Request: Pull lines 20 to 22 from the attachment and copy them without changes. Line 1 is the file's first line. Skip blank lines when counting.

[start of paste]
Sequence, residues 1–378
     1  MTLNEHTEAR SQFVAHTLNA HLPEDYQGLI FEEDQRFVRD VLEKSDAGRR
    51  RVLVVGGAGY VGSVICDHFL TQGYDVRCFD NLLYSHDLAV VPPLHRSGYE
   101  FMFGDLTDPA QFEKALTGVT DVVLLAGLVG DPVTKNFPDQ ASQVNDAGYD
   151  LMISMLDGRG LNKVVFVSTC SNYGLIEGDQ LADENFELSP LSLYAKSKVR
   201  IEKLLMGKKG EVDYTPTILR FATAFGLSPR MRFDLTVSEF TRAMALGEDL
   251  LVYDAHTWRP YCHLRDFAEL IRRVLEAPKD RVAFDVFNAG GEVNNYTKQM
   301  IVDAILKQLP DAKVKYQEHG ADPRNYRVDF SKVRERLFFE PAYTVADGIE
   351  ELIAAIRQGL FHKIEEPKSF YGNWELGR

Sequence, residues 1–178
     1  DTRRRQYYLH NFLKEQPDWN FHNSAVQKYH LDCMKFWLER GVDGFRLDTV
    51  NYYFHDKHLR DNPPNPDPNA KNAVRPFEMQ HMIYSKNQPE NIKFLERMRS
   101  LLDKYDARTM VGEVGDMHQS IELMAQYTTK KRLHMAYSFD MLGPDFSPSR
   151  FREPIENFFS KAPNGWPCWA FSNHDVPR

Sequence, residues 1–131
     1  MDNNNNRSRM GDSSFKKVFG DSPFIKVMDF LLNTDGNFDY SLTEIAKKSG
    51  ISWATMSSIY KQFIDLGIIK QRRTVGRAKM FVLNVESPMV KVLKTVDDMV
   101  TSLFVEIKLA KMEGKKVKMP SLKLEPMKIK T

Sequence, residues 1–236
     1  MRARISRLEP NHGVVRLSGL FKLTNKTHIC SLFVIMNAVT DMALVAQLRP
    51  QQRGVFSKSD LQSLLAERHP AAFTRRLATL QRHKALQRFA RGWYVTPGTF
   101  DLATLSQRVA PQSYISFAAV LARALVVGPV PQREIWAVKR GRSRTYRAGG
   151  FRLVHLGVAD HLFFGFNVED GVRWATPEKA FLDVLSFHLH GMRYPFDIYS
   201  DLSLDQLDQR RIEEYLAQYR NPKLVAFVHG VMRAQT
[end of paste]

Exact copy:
     1  MRARISRLEP NHGVVRLSGL FKLTNKTHIC SLFVIMNAVT DMALVAQLRP
    51  QQRGVFSKSD LQSLLAERHP AAFTRRLATL QRHKALQRFA RGWYVTPGTF
   101  DLATLSQRVA PQSYISFAAV LARALVVGPV PQREIWAVKR GRSRTYRAGG